by Barbara Ficarra, RN, BSN, MPA
It was at the American Medical Association’s Medical Communications Conference when the words of Julie Gerberding, M.D., Director for the CDC validated what is imminent in the minds of some nurses, or at least mine; that it is both health care professionals at the bedside, doctors and nurses that make excellent medical communicators.
Nurses are generally regarded as being kind, compassionate and angelic. What is not generally recognized are their sharp assessment skills, educational expertise and the vital and often primary role a nurse plays in providing quality health care. Yet it is this combination of compassion, understanding and expertise that makes nurses a perfect choice as advocates and educators in health care. This is the message that the nursing profession needs to convey to the public and the media at large.
A large part of the current image problem is attributable to nurses themselves. As a group, nurses tend to be silent and passive, willing to assume a supporting role in the healthcare industry. Until they change their self-perception of their importance within the health care community, nurses will never receive the recognition they deserve. Nurses need to stand tall as a strong group of professionals with a strong voice. Contrary to the opinion of some nurses in the industry, nurses do possess the power to improve their image. It all begins with nurses recognizing themselves as the health professionals that they truly are and stepping forward to utilize their knowledge and expertise to educate the public.
Perhaps the lack of enthusiasm for becoming vocal in the media is a remnant from the shortage of nurses. Overworked, underpaid, burnt-out, lack of respect, stressful work environment, poor interdisciplinary team approach and lack of communication within the system are all symptoms of the present nursing shortage; nonetheless nurses cannot afford to take a step back. Nurses must be pro-active and speak out as advocates on behalf of their chosen profession.
First and foremost, nurses must consider themselves communicators; after all constant communication with patients, families and other healthcare professionals occurs on a daily basis. Communicators, from helping a patient and family member reduce their anxiety of the unknown, advocating for their patient, explaining a procedure, educating them on medications, questioning a physician’s order, offering a voice of reassurance or a hand that saves a life; always a communicator, always professional.
If nurses want society to recognize them as a strong group of educated men and women, nurses must do whatever it takes to get their voices heard. There are always excuses why something cannot be done. Change does not occur with excuses, change occurs through effort. Nurses must step forward and out-of-the-box so society can recognize them as true professionals. Nurses must be ready to go beyond the day to day and give more of themselves to make it happen. After all, don’t you truly deserve to be recognized?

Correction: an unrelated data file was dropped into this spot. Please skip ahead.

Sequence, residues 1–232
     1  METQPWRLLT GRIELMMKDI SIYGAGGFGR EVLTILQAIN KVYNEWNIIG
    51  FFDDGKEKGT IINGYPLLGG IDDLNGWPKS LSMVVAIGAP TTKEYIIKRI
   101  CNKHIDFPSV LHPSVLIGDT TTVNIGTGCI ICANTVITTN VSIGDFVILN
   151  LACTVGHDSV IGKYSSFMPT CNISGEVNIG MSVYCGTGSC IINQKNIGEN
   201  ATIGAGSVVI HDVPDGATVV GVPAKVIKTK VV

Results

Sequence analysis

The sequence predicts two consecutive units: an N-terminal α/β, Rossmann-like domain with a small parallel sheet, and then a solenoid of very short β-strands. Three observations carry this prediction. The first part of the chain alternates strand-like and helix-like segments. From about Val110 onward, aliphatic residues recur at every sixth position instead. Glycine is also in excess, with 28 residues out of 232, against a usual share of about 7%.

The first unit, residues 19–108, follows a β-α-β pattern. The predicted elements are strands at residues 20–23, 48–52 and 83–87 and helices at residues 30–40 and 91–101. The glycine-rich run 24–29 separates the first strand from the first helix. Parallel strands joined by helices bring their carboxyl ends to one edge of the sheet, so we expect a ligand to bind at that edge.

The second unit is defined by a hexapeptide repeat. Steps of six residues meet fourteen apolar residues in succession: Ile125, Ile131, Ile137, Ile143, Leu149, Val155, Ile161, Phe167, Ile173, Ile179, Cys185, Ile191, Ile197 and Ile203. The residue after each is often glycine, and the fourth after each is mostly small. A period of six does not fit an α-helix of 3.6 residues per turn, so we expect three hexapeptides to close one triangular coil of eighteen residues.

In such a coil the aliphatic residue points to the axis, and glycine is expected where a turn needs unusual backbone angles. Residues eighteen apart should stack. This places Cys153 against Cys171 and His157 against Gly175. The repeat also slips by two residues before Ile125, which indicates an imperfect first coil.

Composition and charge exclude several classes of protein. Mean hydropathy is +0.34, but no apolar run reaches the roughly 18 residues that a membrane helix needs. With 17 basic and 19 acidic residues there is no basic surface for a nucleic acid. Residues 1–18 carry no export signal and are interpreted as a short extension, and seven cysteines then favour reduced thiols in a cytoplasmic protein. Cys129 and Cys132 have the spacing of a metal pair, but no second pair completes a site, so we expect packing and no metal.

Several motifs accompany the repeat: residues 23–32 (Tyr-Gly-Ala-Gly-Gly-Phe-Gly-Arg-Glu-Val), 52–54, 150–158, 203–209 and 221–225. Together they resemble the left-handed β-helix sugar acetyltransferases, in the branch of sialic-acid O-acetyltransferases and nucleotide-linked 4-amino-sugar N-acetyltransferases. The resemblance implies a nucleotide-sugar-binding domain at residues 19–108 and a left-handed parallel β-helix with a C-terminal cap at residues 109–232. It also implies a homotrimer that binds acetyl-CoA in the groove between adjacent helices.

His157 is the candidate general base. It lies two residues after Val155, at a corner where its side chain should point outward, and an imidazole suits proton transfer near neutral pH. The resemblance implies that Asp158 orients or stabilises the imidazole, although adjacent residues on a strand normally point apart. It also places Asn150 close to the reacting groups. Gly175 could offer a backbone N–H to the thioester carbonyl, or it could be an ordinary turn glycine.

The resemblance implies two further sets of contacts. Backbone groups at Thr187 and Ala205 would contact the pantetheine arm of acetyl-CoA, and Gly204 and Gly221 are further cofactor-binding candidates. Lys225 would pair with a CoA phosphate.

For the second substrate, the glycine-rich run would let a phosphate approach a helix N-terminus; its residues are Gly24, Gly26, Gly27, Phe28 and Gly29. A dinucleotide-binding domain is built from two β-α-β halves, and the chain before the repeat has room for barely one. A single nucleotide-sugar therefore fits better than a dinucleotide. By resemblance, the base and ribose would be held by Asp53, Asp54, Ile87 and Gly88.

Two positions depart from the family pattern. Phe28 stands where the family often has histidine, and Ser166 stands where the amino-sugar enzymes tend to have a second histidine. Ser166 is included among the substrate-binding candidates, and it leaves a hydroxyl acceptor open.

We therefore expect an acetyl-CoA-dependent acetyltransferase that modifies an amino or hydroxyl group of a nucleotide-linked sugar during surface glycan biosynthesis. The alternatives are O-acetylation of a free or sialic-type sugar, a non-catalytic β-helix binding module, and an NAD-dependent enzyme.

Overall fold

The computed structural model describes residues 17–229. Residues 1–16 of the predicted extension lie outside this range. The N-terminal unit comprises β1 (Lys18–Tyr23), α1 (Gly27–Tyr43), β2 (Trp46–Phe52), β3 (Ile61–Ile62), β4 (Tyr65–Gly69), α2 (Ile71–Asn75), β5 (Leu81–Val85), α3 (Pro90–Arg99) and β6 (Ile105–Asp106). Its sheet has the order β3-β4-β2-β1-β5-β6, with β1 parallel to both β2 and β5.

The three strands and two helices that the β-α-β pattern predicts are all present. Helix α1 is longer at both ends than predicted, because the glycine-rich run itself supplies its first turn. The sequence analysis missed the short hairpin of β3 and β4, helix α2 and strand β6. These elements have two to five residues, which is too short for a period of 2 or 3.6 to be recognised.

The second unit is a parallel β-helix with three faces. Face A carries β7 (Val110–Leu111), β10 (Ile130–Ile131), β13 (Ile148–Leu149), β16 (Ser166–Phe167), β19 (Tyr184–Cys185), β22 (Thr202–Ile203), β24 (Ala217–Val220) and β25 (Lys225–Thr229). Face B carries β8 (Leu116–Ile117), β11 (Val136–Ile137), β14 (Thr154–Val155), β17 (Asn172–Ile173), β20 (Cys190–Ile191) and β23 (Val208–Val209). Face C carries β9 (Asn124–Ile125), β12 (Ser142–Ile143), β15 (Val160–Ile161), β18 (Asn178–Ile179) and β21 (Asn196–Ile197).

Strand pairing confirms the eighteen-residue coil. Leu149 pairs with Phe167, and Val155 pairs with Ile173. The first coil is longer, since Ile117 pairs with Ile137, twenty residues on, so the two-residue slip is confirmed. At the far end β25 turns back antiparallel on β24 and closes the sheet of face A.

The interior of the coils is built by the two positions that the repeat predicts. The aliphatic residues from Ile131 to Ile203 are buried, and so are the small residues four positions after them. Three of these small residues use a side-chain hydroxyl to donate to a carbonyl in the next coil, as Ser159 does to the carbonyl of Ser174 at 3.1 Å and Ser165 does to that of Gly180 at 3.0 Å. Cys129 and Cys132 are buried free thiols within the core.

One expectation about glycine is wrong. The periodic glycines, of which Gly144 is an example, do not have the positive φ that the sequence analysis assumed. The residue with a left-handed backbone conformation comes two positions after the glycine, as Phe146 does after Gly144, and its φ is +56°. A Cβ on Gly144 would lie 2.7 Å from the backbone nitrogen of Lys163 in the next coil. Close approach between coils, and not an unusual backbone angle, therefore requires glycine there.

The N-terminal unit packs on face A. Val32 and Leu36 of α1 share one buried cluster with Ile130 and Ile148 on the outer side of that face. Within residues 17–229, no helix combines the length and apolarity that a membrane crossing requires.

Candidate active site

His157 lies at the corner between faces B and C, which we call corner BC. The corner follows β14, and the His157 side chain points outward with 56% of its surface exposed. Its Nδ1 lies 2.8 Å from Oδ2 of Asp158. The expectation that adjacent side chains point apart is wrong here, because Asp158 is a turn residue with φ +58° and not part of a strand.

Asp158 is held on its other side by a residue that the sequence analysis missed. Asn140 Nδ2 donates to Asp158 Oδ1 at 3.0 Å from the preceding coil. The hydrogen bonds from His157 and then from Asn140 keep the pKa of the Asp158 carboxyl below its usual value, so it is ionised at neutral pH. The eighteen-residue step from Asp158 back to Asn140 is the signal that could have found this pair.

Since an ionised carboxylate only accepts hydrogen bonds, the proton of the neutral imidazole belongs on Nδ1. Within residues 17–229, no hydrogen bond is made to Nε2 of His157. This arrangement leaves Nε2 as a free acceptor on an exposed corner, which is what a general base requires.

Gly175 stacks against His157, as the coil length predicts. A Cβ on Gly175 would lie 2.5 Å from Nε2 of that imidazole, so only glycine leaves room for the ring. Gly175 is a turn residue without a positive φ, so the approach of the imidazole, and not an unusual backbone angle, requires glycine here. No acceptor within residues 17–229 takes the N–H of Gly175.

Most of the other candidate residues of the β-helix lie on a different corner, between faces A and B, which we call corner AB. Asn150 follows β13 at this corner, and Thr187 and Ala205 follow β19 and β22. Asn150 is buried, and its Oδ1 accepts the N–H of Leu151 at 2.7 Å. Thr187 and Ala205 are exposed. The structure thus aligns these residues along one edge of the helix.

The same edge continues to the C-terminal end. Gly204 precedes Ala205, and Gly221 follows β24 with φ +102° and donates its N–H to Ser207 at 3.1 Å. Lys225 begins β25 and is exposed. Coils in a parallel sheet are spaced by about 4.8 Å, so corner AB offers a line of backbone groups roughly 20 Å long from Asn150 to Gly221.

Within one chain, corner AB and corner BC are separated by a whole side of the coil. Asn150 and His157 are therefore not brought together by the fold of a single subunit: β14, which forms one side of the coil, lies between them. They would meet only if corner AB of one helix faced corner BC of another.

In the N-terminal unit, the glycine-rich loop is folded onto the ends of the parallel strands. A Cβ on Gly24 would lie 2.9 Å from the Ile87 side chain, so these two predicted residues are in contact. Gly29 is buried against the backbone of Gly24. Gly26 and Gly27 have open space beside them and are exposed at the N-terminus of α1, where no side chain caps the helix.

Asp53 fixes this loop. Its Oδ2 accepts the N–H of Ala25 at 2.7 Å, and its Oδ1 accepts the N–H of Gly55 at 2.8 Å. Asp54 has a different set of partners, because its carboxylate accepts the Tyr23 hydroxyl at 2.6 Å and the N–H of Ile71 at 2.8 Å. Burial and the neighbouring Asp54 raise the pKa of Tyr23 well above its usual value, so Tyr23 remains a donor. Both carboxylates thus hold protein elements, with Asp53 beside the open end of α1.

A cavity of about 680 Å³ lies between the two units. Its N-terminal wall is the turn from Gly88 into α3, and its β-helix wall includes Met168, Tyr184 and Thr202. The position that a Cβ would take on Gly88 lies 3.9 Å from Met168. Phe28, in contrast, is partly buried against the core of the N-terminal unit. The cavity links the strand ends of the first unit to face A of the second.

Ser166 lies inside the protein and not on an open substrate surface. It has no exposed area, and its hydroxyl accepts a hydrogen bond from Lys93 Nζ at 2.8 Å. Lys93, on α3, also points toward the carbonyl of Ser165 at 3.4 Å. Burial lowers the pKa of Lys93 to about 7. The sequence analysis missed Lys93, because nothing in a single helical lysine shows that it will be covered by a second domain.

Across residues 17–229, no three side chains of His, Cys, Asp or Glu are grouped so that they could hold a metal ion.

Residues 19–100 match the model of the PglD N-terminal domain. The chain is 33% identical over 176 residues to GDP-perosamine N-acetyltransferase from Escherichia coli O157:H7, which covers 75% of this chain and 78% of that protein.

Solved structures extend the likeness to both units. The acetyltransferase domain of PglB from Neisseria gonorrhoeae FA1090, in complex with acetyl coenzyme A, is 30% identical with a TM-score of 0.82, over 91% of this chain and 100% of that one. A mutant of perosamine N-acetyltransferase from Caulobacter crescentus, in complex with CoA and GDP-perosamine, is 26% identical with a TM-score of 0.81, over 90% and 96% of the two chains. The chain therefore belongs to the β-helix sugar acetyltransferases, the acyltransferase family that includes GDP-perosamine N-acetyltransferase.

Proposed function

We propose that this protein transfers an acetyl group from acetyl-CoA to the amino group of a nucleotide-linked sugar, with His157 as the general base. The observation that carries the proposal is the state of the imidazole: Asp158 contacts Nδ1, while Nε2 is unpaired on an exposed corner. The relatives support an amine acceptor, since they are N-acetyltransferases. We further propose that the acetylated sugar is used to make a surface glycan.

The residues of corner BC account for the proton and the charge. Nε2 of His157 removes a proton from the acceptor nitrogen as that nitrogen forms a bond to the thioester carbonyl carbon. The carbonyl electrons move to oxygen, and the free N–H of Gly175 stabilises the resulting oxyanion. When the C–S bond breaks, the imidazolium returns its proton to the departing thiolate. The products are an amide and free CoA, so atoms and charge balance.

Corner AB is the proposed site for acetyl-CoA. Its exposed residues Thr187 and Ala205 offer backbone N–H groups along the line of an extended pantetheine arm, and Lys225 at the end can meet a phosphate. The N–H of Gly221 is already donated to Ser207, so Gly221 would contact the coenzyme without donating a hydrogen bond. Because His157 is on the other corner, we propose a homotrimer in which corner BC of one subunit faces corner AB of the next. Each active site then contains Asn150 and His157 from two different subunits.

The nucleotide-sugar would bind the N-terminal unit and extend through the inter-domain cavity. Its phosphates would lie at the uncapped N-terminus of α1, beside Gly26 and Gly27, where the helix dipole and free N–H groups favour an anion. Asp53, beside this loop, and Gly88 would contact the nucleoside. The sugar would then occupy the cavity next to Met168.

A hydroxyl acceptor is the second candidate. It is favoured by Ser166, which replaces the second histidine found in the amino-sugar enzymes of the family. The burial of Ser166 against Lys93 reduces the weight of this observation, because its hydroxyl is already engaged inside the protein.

There are many avenues available to help nurses become active in communications. One such conference is The American Medical Association’s Medical Communication Conference. The AMA’s Medical Communications Conference is a must for medical professionals who want to learn first hand media training. The National Association of Medical Communicators is an excellent association to join for those interested in medical communications. Bottom line, we can do this together for the benefit of us all. (Subsequent article to follow regarding various media outlets and training centers).
Thank you once again to the American College of Emergency Physicians (ACEP) for the Journalism Award of Excellence for the Health in 30™ Radio Show on the “Ins and Outs of the ER.”
General Public and Professionals – We Would Like to Hear From You! Please email us and let us know your thoughts on nurses. How would you define nursing today? How would you describe a nurse? Do you think nurses are misrepresented in the media? Are nurses portrayed inaccurately? Are nurses doing enough to elevate the profession? Any thoughts on nursing would greatly be appreciated. Please email B.Ficarra@Healthin30.com. Thank you so much for your time! Your input is greatly appreciated! Please forward to family and friends. Thank you so much.
Here’s What People Are Saying:
I just finished watching the show you did with Sandy- great questions!!!!
History shows that professions (or people…) do not elevate their status by being REACTIVE- only by being PROACTIVE! By merely begging for the attention of “important” people with a list of our complaints, nurses will NEVER get the respect we deserve. Respect is earned by rising above a difficult situation, offering solutions and leading the way to a better place. In the words of Martin Luther King, Jr. (who led a much more oppressed group than nurses….), “I have a dream!”
Once again, thank you for the insight you have into our profession. It is rare and very much needed!!!!
Ruth Amos, JD, RN